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IT Last modified on April 10, 2016

Turning to technology

Airports that embrace digital technology will be best placed to cope with traffic growth and rising passenger expectations, writes Fujitsu’s client managing director for the transport sector, Russell Goodenough.

A quick glance at the top 10 list of the world’s busiest airports in 2015 shows that demand for air travel is at an all-time high, with Hartsfield-Jackson Atlanta International Airport continuing to lead the way by becoming the first gateway to handle over 100 million passengers in a calendar year.

Coping with growth is, of course, a good problem to face and with new infrastructure sometimes not possible or maybe years away in terms of its development, airports are increasingly turning to technology to help them cope with rising demand while still providing the best services possible.

Indeed, we are living in a world where everything is now connected and, as a result, is changing the way we live, travel and do business. 

The growing number of devices also makes it even easier to connect and collaborate with each other. According to a survey by international internet-based market research firm, YouGov, the average household now owns 7.4 internet-enabled devices. 

Technology has never been more sophisticated and airports have a fantastic opportunity to take advantage of this huge array of devices and become truly intelligent. 


Intelligence is the future

With intelligent mobility – the move from a series of separate journeys to an integrated, intelligent system, driven by a more user-centred travel experience – airports can harness the digital age to enhance the industry. 

By taking advantage of Wi-Fi analytics and beacon technology in mobile devices, for example, airports can find out where a passenger is located within a terminal and this can be used to monitor and improve their airport experience.

Identifying crowded areas, for instance, can allow airports to increase staff levels to meet demand or even change passenger flows to avoid bottlenecks.

This information can also be fed into digital screens that show advertising that is relevant to the passenger based on recent movements – helping to guide them around the airport and spend money. 

Once an airport has built up a profile of passengers, it can then upsell advertising to retailers with stores inside the airport to ensure the relevant content is going to the right people, creating a win-win for both airports and retailers. 

There are, of course, already many great examples of where digital services are playing a big part in an airport experience. EasyJet, for example, launched Mobile Host with Gatwick Airport, which combines live data from the airport, Google indoor maps and passenger booking details to provide up to date personalised instructions for passengers on their mobile phones.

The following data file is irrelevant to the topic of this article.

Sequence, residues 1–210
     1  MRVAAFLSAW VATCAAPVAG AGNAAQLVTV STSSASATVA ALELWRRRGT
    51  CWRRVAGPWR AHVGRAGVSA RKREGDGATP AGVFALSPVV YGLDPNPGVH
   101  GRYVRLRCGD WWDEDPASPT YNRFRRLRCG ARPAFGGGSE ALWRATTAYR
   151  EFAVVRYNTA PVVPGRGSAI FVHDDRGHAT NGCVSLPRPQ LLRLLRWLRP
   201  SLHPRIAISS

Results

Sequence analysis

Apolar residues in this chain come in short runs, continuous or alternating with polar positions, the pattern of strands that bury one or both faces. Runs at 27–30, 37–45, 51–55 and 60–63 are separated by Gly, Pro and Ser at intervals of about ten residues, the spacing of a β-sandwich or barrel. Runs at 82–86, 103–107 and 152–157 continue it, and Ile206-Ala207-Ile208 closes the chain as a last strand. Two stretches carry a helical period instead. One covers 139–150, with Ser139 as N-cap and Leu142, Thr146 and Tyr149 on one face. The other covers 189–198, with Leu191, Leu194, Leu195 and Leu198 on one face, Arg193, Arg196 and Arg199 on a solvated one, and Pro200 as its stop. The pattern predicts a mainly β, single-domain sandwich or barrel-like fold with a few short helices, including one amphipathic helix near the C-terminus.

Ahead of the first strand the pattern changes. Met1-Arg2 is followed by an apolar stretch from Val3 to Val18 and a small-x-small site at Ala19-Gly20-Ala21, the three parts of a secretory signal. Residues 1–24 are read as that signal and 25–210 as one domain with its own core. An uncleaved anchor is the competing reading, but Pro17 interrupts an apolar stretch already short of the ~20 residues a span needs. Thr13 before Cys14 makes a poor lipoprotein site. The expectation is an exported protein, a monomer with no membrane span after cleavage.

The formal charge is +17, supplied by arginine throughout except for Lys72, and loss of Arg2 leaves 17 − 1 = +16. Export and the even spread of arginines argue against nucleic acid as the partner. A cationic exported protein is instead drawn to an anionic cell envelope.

Benefits of intelligent airports

Without doubt digital technology is revolutionising the transportation experience, but in my opinion, there is huge scope for improvement in both usage and satisfaction as intelligent mobility can help transform the airport industry in five key areas:

  • Passenger centricity – the use of technology to help improve the passenger experience.


  • Increasing capacity – an issue that many are talking about it, but taking advantage of digital services can help us understand and deal with the growing number of passengers year-on-year.


  • Increasing efficiency – the use of technology can help reduce costs across the airport, for example, developing the optimum staff rota depending on busy times at the airport.

  • Increasing safety/security – technology can allow airports to analyse the perimeter and improve border security.

  • Improving sustainability – this is more than just C02 emissions, but also refers to the sustainability of jobs. As the transport network continues to change, digital can help progress services in a more effective way.


What’s next?

In the medium to long-term, we can expect the physical airport environment to shift more towards an airside-dominated, retail centric landscape, as technology will remove the need for a large portion of the currentlandside infrastructure. 

It also won’t be many more years before air travel for most of us will involve our baggage being routinely collected from our homes by courier and dropped off at our end destination hotels meaning that the check-in halls and baggage arrivals areas of tomorrow will look very different to today.

Such changes will open new opportunities for airports to reclaim real estate that is presently designated for operational systems and repurpose it into revenue-generating retail space where the passenger experience is improved by technology such as location-based services.

As we all know technology can truly make a difference, although it is important to remember that whether it is noise sensors, minimising noise for residents or implementing technology to increase revenue streams, enhancing the customer experience must be a top priority.

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